Enter Arthur Bendir who joined the Schwind/Pennington partnership in 1902 and effectively founded Ladbrokes, a name he alighted on having spotted a signpost to Ladbroke Hall on his first visit. Bendir brought something very special to the Schwind/Pennington party: he changed the emphasis from backing horses to laying them, choosing to act as both a bookmaker and a punter. Bendir took the unequivocal view that Ladbrokes’ interest in the Sport of Kings was best served by an elite clientele. Ladbrokes’ client base, benefiting from the patronage of members of such clubs as Whites, the Carlton and the Athenaeum, grew rapidly, all the more so through the discreet introduction of members of the armed forces by Guards Officers who were equally discreetly employed as commission agents. Ladbrokes’ London offices, originally situated in the vicinity of the Strand, moved to Hanover Square in 1906 and, in 1913, the firm graduated to Six Old Burlington Street, Mayfair. Binder appreciated the importance of attracting talent. One of his most notable appointments was that of Helen Vernet, the elegant descendent of a noble Scottish family. Ms Vernet agreed to become one of Ladbrokes’ representatives on the Rails, the area between the Members and Grandstand enclosures where the serious layers place their money. Vernet earned the respect of her male peers, a reputed minimum annual income of £20,000 and a place in history as the first lady bookmaker. Bendir had succeeded in his quest to position Ladbrokes as bookmakers to the gentry, so much so that word had it that an entry in Debretts was a prerequisite to opening an account with an enterprise where gentlemen’s obligations or otherwise were settled in the splendour of a four storey Queen Anne house amid feather pens, ledgers, brandy and cigars.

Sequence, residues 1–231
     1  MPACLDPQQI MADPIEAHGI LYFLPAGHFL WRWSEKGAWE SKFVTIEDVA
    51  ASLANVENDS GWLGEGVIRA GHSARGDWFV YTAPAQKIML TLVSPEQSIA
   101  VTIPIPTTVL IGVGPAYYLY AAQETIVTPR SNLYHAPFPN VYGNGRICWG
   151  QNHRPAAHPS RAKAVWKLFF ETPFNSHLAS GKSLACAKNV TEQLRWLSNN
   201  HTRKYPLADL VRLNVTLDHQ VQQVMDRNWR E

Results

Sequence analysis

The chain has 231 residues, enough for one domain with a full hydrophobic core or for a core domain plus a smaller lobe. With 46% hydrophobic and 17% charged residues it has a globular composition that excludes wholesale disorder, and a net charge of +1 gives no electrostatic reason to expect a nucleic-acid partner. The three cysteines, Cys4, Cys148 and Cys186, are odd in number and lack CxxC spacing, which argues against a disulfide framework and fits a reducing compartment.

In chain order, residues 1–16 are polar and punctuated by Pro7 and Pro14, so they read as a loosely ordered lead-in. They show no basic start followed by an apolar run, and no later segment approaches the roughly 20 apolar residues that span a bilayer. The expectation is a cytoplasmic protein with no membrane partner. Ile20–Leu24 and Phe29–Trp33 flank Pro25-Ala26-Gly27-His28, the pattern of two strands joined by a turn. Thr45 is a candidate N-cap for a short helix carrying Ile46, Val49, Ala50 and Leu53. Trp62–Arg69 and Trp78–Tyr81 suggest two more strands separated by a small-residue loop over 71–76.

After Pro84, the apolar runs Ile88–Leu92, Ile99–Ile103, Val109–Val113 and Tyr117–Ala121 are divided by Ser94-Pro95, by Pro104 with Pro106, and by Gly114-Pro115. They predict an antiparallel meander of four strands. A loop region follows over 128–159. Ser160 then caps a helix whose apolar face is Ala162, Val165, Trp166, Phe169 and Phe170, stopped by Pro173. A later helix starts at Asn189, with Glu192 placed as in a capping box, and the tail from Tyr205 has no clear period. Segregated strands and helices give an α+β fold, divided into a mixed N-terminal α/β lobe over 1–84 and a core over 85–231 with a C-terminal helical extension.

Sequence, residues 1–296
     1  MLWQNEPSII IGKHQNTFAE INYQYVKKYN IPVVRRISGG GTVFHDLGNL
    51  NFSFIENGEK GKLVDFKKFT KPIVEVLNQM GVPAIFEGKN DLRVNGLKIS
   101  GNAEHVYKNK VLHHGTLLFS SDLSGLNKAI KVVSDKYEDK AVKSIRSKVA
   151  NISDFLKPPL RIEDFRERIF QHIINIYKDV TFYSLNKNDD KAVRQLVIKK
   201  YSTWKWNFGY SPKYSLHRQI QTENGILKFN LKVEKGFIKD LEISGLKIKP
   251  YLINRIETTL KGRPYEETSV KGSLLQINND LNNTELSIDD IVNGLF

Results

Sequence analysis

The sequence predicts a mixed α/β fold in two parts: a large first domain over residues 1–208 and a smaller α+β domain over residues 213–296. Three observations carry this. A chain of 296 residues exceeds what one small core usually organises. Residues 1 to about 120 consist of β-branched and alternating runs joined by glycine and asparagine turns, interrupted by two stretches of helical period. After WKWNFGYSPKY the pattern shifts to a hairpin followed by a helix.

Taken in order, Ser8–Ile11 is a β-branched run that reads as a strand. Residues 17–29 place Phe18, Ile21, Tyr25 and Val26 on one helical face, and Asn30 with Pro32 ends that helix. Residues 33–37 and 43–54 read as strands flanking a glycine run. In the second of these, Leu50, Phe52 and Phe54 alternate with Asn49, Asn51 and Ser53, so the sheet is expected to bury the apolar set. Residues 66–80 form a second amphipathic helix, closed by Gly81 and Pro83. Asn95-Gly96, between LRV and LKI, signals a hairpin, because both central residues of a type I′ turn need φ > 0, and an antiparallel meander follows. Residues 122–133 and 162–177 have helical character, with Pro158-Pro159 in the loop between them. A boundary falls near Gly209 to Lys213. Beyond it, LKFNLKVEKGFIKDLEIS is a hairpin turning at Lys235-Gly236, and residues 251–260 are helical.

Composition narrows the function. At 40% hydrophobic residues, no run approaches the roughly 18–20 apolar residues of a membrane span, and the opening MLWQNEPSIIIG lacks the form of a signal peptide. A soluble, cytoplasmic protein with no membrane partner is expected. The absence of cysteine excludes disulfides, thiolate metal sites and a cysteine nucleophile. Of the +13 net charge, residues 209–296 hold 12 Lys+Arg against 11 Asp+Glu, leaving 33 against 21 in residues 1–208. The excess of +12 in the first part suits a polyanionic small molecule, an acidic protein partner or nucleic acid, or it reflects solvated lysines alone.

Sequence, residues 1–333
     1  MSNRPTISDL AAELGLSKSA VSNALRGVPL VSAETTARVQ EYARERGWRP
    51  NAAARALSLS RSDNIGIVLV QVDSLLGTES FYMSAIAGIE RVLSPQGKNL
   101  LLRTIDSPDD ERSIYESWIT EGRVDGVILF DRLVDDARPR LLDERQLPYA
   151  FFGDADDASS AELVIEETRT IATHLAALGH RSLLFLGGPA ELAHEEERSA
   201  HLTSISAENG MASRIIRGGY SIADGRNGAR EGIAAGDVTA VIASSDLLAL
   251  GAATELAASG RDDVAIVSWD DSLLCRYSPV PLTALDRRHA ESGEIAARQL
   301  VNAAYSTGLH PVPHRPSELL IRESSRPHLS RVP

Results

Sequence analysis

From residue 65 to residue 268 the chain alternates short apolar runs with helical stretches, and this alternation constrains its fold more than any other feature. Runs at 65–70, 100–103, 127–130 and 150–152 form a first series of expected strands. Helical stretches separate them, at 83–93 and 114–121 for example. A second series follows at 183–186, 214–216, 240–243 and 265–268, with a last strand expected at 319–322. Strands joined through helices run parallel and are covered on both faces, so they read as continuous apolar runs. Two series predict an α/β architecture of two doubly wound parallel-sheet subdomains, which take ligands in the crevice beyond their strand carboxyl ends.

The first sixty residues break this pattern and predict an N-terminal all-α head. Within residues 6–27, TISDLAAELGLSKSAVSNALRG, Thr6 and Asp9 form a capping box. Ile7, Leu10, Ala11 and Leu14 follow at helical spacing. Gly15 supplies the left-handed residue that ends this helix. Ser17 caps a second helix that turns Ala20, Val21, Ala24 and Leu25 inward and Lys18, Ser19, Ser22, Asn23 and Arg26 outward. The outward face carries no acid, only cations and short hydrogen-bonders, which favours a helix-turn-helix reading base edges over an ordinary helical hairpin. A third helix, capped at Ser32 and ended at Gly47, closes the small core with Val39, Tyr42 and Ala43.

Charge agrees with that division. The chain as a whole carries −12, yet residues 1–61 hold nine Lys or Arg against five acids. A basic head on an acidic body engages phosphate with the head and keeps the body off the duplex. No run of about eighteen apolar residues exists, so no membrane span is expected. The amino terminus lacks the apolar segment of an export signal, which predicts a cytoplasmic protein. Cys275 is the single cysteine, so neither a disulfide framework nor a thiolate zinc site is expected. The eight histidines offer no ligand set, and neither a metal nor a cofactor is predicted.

Stein takes Ladbrokes public: 1950 - 1969